Why He Inspires Me

In September 2019 my husband and I took a belated honeymoon trip to Scotland. It was one of the best trips we’ve ever taken, as we simply adored the landscape and the people. And there we were, travelling the North Coast 500 (a 500-mile circular tour high up in the North of Scotland) and staying for the night at a very inviting farmhouse-like B&B of a lovely couple from a different part of Scotland. Talking to them I found out that they had decided to leave their corporate jobs behind, as they didn’t feel fulfilled there at all anymore, to open this beautiful B&B and try their hands at something they thought they would greatly enjoy – spending time with people, catering for them and just making sure their guests had a good time.

I was moved and inspired by the bravery of such an undertaking. Leaving a job behind you don’t feel happy in is not easily achieved (I know from experience). It takes so much courage to go through your fear of the Unknown and follow your instinct that whatever comes next, it can only make you happier than staying in the current situation. I bow my head to them for setting such an example!

Trusting yourself to be perfectly able to judge what is right for you and what isn’t, and having the courage to stand up for yourself and the way you want to be treated, is such an important step to learn. Its influence will permeate every part of your life and you are probably going to relate to yourself and to your whole life in a totally different way. And in doing so you help others (also your children) to find the courage to stand up for themselves as well, to create a life that fits themselves and not somebody else.

5 Questions for Graeme

What is/was your journey?

To talk about my “journey” makes it sound as if I had a plan. I basically bumbled through life, probably with no real ambition and happy to go with the flow. It would be great to say there was an end goal or a target but it’s never been like that. I was happy when there was a work-life balance and weekends I could do other stuff… motorcycling and paragliding, with paragliding being my main distraction, but hillwalking, cycling, skiing being pretty good distractions too. As long as work was pleasant and the guys I was working with were good people and I thought work was contributing something, it was fine.

But then work stopped being pleasant and the Monday morning feeling dragged into a Friday feeling of “it will soon be Monday”. Then work mates, well some of them, changed (or did I?). When you have an argument with someone at a fairly high level in the company to the point that he is shouting and swearing at you, which is followed by your boss (who might have been called a mate at one point) closing your office door and telling you that you are right, but because of who you were arguing with they would not back you up … well that’s when maybe things started to change.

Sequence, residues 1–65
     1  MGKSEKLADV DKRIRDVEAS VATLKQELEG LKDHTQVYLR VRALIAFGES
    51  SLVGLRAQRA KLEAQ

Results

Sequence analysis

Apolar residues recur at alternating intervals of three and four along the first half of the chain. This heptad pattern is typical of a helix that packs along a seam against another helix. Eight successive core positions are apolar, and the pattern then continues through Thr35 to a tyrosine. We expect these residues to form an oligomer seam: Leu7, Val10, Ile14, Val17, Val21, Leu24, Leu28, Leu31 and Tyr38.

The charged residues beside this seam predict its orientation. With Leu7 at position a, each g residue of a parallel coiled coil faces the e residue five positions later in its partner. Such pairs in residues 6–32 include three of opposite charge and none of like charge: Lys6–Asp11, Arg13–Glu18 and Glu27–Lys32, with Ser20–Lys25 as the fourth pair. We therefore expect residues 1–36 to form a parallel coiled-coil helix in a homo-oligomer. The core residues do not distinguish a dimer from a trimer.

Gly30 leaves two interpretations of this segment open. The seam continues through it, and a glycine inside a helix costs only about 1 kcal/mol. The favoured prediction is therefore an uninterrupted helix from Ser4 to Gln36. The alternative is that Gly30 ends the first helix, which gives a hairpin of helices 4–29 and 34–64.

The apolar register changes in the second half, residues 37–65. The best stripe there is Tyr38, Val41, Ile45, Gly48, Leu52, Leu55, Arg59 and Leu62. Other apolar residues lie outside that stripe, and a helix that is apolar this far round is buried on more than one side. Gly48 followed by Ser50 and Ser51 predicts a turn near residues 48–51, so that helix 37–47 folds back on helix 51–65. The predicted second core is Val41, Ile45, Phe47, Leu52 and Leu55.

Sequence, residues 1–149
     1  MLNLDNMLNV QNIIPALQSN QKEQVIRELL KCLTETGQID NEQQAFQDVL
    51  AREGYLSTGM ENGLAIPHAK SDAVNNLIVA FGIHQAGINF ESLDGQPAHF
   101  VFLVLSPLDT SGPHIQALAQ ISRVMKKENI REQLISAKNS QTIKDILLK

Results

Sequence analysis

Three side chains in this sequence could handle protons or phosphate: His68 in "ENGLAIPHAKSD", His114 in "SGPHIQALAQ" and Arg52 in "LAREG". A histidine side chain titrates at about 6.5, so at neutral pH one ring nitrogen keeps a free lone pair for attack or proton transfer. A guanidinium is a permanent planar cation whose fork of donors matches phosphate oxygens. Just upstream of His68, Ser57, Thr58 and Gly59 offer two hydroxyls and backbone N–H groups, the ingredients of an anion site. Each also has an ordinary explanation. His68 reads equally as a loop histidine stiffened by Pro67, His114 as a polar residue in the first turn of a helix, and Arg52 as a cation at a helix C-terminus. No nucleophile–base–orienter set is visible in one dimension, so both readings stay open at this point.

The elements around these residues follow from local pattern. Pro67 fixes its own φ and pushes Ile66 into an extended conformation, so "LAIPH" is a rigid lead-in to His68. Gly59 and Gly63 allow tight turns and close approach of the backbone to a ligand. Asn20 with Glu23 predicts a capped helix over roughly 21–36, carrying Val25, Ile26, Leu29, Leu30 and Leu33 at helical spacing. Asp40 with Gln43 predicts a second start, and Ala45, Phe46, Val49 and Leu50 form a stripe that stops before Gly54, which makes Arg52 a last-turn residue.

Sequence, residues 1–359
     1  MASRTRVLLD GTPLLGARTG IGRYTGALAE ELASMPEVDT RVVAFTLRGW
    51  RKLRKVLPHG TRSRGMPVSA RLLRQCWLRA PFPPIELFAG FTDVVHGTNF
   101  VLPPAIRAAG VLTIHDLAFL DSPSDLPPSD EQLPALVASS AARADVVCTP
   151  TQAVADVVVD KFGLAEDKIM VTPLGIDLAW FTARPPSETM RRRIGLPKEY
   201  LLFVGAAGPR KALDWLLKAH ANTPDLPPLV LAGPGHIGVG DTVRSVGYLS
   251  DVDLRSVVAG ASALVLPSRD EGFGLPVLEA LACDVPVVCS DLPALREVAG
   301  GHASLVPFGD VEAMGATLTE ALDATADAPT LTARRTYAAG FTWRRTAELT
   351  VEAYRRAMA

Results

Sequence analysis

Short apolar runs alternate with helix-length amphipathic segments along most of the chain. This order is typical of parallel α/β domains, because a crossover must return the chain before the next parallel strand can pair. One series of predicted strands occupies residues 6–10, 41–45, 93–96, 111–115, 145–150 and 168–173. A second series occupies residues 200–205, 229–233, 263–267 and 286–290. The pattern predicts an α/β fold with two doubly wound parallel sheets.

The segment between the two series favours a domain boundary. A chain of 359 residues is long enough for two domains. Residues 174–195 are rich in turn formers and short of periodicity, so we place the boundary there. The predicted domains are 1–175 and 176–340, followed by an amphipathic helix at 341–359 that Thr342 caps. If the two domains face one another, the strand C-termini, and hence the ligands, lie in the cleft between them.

There had always been a culture of trying to be the best, for example every complaint was considered and analysed and when possible reacted to. We were proud this lead to an amazingly low level of complaints. But suddenly you couldn’t react anymore, the company openly said they never wanted to be the best, just good. A means to improve because of a comment or complaint would be responded to with “we don’t want to spend money if it’s only a couple of complaints and not that serious” … I just wasn’t happy in this new culture and my wife Eilean and I had always said when we don’t enjoy it, it is time to go. We were both not enjoying it. Lucky we agreed!

We wanted to be our own boss and we looked at a few businesses. Warning a shop for sale normally means its dying! Neither of us had any experience in the hospitality trade but fell in the idea and started looking. We looked all over Scotland. We wanted something rural and had figured 4 to 5 rooms should be survivable?

That’s how we ended up here.

What are you passionate about/what lights you up?

Oddly, that has changed. I lived for paragliding and motorcycling. Perhaps telling, as both need your concentration and focus. Trying to thermal up in a tight rough thermal gives you no time to consider work.

Partially, I simply can’t afford it right now, but perhaps I also don’t need the escapism (OK if I could replace my wing and reserve as a bit too old and afford a winter holiday flying, I would go in an instant J). So I miss, it but I don’t need it.

Now we want to run our small B&B and make our customers have a pleasant enjoyable trip.  Very simple really!

How do you try to make a difference?

Looking back, I used to justify the vast amount of plastic bottles we pumped out, thousands an hour. I feel slightly guilty now, so we are kinder, I hope, to the environment. And hopefully kinder to people.

What was your biggest lesson to learn?

I wish I had jumped years ago! I guess fear for my financial future stopped me. So I’d say “don’t worry how you’ll get the money to buy the “toys” to temporarily escape reality”. Just escape your current reality!

I was also way too slow to realise the best thing in my life was Eilean. We were both really unhappy at work and our sanity was way more important.

What is your message to everyone out there?

Who am I to advise the world – I got it wrong for so long after all.

But if you are working, maybe with guys working for you, remember what your job is and what you are to your guys…. Would you stick up for a colleague or rather your own position? If it’s for your own position, maybe you need to change your future, too?

You can find Graeme and his wife Eilean’s lovely B&B HERE.